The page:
Access flap procedures or subgingival debridement for periodontitis?

Periodontal disease

Good plaque control together with removal of supra and subgingival plaque and calculus are important elements in the successful treatment of periodontal disease. Nonsurgical treatment usually involves subgingival scaling and root planing, however, this may not remove all the calculus. Consequently, access flaps were introduced to improve the efficiency by providing direct access the root surface.

The main aim of this review was to compare access flaps and subgingival debridement in achieving probing depth reduction. A secondary aim was to assess the impact of different flap designs.


Searches were conducted in the Medline/PubMed, Cochrane Central Register of Controlled Trials and Scopus databases. Randomised controlled clinical trials (RCTs)in patients over the age of 18 with periodontitis (aggressive or chronic) comparing any access flap procedure against subgingival debridement a minimum of 10 patients per treatment group and at least 6 months follow-up were considered.  Only English language publications were included. The primary outcome was probing depth (PD) reduction, clinical attachment level (CAL) change and gingival, bleeding or plaque indices were secondary outcomes.  Two reviewers independently screened and selected studies and extracted data. The Cochrane risk of bias tool (RoB2) was used to assess quality. Outcomes were reported as weighted mean differences (WMDs) with 95% confidence intervals (CI) and meta-analyses conducted.


  • 36 publications reporting on 18 studies were included, several papers reported on different time points.
  • Of the 18 RCTs 15 were of split mouth design, 3 parallel design.
  • Most studies (12) performed subgingival debridement prior to surgery with controls receiving a second round of debridement. In 6 studies subgingival debridement was performed as part of the surgical phase, but not before.
  • Only 1 study was considered to be at low risk of bias.
  • Follow up periods ranged from: 6–156 months (mean = 41.50 ± 39.90 months).

All pockets

  • irrespectively of the follow-up period access flap showed significant greater PD reduction, WMD = 0.71 mm (95%CI; 0.44 to 0.98).

Moderately deep pockets (4–6, 5–6 or 4–5 mm)

  • PD reduction was significantly greater in the access flap group at the short term, WMD = 0.34 mm (95%CI; 0.21 to 0.46) [4 studies].
  • the subgingival debridement group showed greater CAL gain in the short and the long terms, although this difference tended to mitigate with time
    • short term; WMD = −0.34 mm (95%CI; −0.46 to −0.22) [7 studies].
    • long term; WMD =  −0.12 mm (95%CI; −0.22 to −0.01) [6 studies].

Deep pockets (>6 mm or ≥6 mm)

  • Although both groups showed significant PD reduction in this pocket category, this reduction was significantly greater in areas receiving surgery in both the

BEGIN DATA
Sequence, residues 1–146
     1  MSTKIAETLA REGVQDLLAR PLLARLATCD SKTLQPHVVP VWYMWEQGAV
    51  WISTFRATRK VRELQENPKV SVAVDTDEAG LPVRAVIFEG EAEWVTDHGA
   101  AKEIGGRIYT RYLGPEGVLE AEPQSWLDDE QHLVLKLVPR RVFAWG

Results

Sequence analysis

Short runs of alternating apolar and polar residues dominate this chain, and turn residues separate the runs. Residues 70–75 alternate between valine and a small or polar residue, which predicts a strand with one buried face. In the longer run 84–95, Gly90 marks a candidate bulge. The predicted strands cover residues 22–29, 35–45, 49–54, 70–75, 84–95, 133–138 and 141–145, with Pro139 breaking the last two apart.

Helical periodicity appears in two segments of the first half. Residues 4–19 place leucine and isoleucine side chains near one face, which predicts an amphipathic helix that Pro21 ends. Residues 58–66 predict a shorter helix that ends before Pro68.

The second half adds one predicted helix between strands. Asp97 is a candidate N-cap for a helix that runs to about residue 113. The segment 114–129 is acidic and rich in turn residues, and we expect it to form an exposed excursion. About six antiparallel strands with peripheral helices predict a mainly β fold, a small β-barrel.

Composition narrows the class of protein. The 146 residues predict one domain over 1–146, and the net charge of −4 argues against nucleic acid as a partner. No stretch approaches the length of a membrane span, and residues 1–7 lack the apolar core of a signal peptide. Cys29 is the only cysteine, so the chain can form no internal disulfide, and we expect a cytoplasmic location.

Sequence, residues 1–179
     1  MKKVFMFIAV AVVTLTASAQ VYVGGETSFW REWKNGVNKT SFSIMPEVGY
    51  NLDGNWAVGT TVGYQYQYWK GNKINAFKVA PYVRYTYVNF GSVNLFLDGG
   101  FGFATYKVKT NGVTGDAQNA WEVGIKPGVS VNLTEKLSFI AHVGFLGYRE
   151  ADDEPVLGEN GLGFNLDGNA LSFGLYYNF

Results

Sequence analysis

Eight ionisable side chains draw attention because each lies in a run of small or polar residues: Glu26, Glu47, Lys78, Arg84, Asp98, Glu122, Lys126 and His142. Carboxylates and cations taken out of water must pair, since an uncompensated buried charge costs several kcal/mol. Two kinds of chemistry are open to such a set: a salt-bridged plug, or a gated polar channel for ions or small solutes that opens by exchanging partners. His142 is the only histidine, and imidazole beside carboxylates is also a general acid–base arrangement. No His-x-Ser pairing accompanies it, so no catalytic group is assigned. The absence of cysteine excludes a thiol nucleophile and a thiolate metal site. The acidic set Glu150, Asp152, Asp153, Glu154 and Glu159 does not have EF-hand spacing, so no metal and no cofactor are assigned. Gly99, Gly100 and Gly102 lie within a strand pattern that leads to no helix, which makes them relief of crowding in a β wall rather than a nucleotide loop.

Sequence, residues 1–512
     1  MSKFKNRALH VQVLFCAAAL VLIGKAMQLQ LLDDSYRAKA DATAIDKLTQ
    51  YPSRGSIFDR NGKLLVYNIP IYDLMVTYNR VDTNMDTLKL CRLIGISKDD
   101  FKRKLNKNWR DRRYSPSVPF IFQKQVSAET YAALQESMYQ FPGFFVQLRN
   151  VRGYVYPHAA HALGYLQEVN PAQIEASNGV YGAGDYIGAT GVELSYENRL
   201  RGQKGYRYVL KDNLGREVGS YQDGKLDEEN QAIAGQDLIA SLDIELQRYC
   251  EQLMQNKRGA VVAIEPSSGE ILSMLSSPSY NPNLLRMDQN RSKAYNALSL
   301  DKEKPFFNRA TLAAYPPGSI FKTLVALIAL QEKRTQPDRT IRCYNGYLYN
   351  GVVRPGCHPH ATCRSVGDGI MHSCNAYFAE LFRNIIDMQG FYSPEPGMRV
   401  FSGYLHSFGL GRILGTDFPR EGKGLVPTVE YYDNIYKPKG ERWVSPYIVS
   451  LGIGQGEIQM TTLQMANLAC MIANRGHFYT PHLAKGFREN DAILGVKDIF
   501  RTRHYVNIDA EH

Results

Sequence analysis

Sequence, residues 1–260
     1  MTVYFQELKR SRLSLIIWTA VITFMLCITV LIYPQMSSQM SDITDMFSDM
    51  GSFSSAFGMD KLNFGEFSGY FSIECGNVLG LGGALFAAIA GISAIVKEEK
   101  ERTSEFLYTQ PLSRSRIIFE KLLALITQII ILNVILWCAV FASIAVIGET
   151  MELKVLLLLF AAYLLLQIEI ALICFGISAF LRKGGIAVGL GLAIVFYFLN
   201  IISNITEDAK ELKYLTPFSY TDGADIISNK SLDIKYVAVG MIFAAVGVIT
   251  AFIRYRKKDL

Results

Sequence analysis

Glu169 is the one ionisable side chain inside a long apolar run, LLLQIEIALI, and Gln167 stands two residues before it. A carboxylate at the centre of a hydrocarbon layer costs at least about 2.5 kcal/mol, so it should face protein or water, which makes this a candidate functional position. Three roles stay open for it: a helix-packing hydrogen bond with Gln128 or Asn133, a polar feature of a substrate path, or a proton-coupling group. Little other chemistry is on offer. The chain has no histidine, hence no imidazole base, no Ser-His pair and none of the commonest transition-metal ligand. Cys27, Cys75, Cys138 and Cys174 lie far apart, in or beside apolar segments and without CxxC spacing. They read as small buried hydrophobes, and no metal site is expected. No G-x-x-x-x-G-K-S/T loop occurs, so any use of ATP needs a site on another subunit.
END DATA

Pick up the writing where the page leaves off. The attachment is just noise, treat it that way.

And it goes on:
• short term; WMD = 0.67 mm (95%CI; 0.37 to 0.97)  [4 studies] and
    • long term;  WMD = 0.39 mm (95%CI; 0.09 to 0.70)  [4 studies].
  • No significant differences among groups were observed for CAL gains at the short and long term
  • Harms and adverse effects related to the techniques were not reported any of the studies
  • Four studies reported on pain and hypersensitivity as patient related outcomes


The authors concluded: –

  • AF achieved larger PD reduction when compared to subgingival debridement in initially deep pockets (>6 mm or ≥6 mm). In this pocket category, no differences were detected between treatment groups for CAL gain.

  • In moderately deep pockets (4–6, 5–6 or 4–5 mm), AF achieved greater PD reduction in the short term. However, subgingival debridement resulted in higher CAL gain.

  • In shallow pockets (1–3 or 1–4 mm), AF resulted in significantly greater clinical attachment loss.


While three major databases were searched for this review restricting inclusions to publications in English may have excluded some relevant studies.  With the exception of 1 study which was conducted in private practice all the included studies were conducted in a university setting. In addition, in most studies the subgingival debridement was performed as part of the initial therapy and repeated in the assigned quadrant after randomisation and all the included studies included a strict maintenance protocol, which varied from intervals between every 2 weeks to every 6 months, including or not subgingival instrumentation.  While the results demonstrated a statistically significant improvement in PD reduction between AF and subgingival debridement this may not be clinically important.  It is also worth noting that with the exception of 4 studies that investigated pain and hypersensitivity no patient reported outcomes were assessed.


Primary Paper

Sanz-Sánchez I, Montero E, Citterio F, Romano F, Molina A, Aimetti M. Efficacy of access flap procedures compared to subgingival debridement in the treatment of periodontitis. A systematic review and meta-analysis. J Clin Periodontol. 2020 Jul;47 Suppl 22:282-302. doi: 10.1111/jcpe.13259. PMID: 31970821.

Review protocol on PROSPERO

Other references

Dental Elf – 14th Aug 2020

Subgingival instrumentation for treating periodontitis

Picture Credits

“Periodontal Disease in 53-year old man” by Dr Parveen Chopra is licensed under CC BY-NC 2.0




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